in the sensor output caused by disturbances unrelated to the analyte being detected.
contributions from common-mode changes
owing to imperfect matching of bioFET/REFET.
Careful selection of a reference probe coat-
ing on the REFET is required to ensure total
cancellation of other effects.
Conclusion & future perspective
In the past few years, Si-NW FETs have shown
the ability to detect very low concentrations of a
variety of biomolecules through affinity binding,
which is rather promising for applications in clin-
ical diagnostics or medicine. However, the real
commercialization of such devices is still limited.
The reasons are, in part, unresolved questions
relating to charge screening, reference electrode
integration, measurement reproducibility and
nonspecific molecular binding. In this article,
different approaches and advances to overcome
these issues have been summarized. In addition,
another consideration is which clinical applica-
tions may benefit most from Si-NW FETs in the
routine medical laboratory [95–97]. Only if there is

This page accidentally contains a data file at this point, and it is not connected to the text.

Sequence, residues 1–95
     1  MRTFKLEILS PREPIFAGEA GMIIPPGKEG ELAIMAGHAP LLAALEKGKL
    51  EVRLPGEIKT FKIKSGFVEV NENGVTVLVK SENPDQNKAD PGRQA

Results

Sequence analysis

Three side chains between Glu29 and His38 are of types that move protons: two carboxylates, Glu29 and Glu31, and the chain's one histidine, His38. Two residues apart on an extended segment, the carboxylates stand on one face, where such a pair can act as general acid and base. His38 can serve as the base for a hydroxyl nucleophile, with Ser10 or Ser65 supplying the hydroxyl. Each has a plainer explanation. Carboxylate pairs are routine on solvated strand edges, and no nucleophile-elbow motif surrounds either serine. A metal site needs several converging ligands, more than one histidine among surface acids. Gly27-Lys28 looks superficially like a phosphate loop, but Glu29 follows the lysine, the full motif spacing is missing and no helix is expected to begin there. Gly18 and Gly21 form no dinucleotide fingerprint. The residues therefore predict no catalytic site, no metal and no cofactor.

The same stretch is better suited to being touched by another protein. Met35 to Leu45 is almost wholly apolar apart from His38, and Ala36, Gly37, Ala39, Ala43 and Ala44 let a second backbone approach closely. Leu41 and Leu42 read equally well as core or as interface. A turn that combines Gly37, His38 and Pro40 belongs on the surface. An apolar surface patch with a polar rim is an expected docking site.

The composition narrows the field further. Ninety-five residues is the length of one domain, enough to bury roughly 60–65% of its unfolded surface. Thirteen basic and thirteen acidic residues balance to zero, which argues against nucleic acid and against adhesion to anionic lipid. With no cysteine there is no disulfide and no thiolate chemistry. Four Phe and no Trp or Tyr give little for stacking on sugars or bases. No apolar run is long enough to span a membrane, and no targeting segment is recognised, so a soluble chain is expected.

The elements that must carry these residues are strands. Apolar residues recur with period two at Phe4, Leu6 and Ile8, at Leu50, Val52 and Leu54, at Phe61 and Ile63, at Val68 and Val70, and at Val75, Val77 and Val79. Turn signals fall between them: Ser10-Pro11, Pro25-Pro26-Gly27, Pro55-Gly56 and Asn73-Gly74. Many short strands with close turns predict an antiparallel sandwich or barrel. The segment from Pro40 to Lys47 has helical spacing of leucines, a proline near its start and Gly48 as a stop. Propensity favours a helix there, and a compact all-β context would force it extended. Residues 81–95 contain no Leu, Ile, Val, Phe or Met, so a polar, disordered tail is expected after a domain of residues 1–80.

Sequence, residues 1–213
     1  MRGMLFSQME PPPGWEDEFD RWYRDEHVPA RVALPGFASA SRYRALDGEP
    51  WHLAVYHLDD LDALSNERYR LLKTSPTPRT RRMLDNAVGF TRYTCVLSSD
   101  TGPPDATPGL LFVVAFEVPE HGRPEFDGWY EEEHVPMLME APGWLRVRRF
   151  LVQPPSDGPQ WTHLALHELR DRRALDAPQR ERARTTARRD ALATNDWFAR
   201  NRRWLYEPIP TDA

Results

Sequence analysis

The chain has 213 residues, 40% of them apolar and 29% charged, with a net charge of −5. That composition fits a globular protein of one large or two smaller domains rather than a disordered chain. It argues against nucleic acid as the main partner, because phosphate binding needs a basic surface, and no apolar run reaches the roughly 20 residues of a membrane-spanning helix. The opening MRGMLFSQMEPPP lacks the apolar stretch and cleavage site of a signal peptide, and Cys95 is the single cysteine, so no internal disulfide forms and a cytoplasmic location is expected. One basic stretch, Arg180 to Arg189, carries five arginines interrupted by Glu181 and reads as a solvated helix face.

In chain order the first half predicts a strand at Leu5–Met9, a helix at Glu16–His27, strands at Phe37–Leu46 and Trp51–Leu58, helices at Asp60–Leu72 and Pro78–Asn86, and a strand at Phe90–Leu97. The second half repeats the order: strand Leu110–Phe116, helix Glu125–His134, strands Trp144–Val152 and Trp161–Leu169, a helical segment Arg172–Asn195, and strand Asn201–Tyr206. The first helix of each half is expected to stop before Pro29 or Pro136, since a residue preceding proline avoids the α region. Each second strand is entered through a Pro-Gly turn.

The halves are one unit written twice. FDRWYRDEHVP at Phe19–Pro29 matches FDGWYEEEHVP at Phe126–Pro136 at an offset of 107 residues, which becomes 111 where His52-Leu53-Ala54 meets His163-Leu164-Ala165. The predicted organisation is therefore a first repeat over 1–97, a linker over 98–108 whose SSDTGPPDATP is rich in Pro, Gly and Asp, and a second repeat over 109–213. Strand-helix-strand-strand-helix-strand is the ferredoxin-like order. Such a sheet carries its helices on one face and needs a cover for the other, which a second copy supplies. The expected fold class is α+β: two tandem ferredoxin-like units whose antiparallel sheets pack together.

consensus on the clinical utility of this new tech-
nique can the gap between the high expectations
of the developer and reality be closed. Most pub-
lished works use target analytes of real-world
interest but in highly purified conditions; appli-
cations dealing with ‘real’ clinical samples are still
rare [58,68]; efforts, including sample handling,
prepurification, multiplexing and system inte-
gration, are critical practical considerations for
robust analysis of clinical samples [54,68].
Financial & competing interests disclosure
This work was supported, in part, by the Defense Threat
Reduction Agency under Grants HDTRA1-10-1-0037 and
HDTRA-1-12-1-0042, and by the US Army Research
Laboratory and the US Army Research Office under
Contract/Grant number MUR IW911NF-11-1-0024. The